Returning after a busy day for a cup of coffee I noticed a spider on the granite pillar which leads to my house. When I built my house I got these local rough granite pillars from granite quarry in the nearby town of Karkala. 16 such tall stone pillars stand supporting roof of my pathway to my house. They are safe heavens for potter wasps who love to build nests. I had several social wasps building small hives before their larvae being eaten by neighboring potter wasps. Being rough it is a nice playing ground for Calotes lizards. That day I spotted a spider which was perfectly camouflaged to the granite background on that pillar. I could spot it only because it was holding a dark dead bee in its mouth and feeding on it. Later I could identify it as Two-Tailed Spider (Hersilia)
I quickly grabbed my Canon EOS 5D mark II flitted with Canon EF 100mm f/2.8L Macro IS USM. For illumination I used Canon Speedlite 580EX II fitted with ExpoImaging Ray Flash Adapter. For closeup work I use this setup as the Ray Flash Adapter produces nice diffuse light which does not give out harsh highlights. Only drawback I see is that you can see the reflection ring light as white ring on the reflective parts of the subject. After using Rayflash adapter I have nearly stopped using Canon MT-24EX macro twin light flash which I have.I think I need to start using macro twin light flash again with some diffuser so that I can reduce the reflection of ringlight and make the picture look natural. As the spider was stationary feeding on the bee, I had plenty of opportunity to photograph the spider from all the angles.
Being very well camouflaged for life, these spiders have an interesting way of capturing prey. The members of Hersiliidae family are flat, medium sized spiders that have a cryptic appearance and are usually found on tree trunks. These are very fast running, active hunting spiders. The most easily distinguishable feature of Hersiliidae is the extremely long posterior lateral spinnerets, which are often longer than the abdomen and sometimes approaching the total body length, hence the name two- tailed spiders. The body coloring is brown to match the color of the dry bark that the spider is normally resting on and camouflages well. The flattened body allows them to lie very close to the bark without casting any shadow or enables them to hide in the narrowest of cracks.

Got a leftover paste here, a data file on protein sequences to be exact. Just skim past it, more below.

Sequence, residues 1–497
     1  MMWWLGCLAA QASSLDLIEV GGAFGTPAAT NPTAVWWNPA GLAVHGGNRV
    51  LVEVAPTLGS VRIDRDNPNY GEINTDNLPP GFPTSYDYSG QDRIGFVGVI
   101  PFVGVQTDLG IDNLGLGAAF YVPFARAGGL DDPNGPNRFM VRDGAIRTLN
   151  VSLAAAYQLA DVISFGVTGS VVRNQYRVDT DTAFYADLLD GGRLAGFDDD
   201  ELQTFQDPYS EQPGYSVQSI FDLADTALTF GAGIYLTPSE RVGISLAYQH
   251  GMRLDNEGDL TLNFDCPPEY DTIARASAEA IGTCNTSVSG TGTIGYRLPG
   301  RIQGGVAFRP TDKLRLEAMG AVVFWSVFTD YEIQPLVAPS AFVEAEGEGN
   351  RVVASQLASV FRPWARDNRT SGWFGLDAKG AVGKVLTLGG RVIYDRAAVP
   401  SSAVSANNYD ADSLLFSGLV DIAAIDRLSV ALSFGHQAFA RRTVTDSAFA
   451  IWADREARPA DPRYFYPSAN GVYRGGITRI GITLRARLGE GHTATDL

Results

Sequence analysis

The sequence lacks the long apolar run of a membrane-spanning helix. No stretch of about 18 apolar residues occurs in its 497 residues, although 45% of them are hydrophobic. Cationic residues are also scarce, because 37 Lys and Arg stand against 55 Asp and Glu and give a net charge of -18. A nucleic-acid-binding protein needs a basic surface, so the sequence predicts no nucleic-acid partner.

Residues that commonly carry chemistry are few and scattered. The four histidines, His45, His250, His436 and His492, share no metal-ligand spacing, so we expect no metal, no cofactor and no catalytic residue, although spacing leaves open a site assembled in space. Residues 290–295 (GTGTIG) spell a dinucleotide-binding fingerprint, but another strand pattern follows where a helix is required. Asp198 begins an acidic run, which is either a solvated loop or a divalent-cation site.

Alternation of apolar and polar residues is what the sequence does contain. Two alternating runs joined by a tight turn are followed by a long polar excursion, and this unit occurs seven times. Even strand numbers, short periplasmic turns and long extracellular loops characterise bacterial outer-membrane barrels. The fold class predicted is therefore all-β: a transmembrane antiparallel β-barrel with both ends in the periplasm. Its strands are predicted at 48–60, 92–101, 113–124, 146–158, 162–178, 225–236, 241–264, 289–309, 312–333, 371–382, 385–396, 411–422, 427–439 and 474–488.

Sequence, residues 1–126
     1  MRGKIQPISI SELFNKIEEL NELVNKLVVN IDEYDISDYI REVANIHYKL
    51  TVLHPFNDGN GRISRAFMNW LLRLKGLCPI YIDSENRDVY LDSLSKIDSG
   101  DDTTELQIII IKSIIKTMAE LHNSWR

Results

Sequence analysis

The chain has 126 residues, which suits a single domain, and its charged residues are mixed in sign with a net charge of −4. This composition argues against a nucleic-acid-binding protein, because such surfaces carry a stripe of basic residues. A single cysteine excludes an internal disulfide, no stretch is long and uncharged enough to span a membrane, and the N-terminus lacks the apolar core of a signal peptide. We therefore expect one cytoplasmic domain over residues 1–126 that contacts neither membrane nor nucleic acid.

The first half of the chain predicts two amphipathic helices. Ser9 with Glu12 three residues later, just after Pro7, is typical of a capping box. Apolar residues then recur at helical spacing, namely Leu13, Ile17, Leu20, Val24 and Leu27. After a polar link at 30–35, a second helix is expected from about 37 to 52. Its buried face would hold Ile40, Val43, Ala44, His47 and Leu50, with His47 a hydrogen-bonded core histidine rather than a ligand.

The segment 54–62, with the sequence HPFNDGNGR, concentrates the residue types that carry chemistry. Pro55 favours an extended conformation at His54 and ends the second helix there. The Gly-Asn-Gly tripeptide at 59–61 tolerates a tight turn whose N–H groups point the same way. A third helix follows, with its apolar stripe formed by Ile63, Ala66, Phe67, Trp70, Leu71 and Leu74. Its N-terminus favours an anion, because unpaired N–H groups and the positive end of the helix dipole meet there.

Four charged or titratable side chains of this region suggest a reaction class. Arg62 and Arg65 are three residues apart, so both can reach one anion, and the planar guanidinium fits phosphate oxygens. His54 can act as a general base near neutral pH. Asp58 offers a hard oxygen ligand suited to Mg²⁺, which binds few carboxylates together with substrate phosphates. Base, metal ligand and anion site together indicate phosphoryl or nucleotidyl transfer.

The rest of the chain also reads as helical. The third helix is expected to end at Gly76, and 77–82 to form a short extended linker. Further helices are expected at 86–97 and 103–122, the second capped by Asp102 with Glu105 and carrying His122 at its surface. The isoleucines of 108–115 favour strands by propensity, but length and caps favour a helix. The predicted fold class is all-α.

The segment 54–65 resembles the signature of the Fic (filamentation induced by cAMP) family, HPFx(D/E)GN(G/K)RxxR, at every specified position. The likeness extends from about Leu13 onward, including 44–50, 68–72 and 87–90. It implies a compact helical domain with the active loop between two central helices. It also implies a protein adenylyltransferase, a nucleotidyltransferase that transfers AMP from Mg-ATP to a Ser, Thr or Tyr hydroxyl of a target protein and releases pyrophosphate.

They are occasionally encountered on walls and rocks. When disturbed, the spider runs very swiftly to the opposite side of the tree with the spinnerets raised like a pair of horns. The spider sits on the tree trunk and spreads the silk over the nearby area. When a small insect comes close, the insect disturbs the silk and the spider senses this. The spider will quickly run around the insect in circles, with the insect in the center. The spider will also lay more silk at the same time, until the insect is entangled in it. They are active hunters living on tree trunks, old walls or under stones and at most spinning a scanty web of irregular threads. A total of six species of three genera are reported from India so far. Next day I saw the same spider with another grasshopper as its victim. I had another photo session with it which you can see in the last two photos on this page.
Hersilia Lucas 1836, is commonly called Two-tailed spider. Distributed throughout India, Myanmar, Philippines, Sri Lanka. Cephalothorax is flat and almost circular, slightly broader than long, with a prominently high clypeus. Anterior and posterior eyes are strongly recurved, anterior laterals positioned half way between the anterior and posterior medians. Legs, except the third pair, very long and slender and are armed with three claws. Tarsi of legs I, II and III two-segmented. Abdomen is flat, almost circular, slightly broader than long. Posterior lateral spinnerets are very long, much longer than the abdomen. The colour is greyish with a darkish lanceolate cardiac area and dark transverse margins posteriorly. Legs and spinnerets annulated with dark rings.
It lives on tree trunks, often spotted on trunks of coconut palms in a head down position. It feeds on moths, ants and other smaller spiders. Cocoon is generally laid in the crevices of trees. It runs round the tree when disturbed. It is a very common spider in our tree barks and exhibits colour variation according to the substrate on which it is found.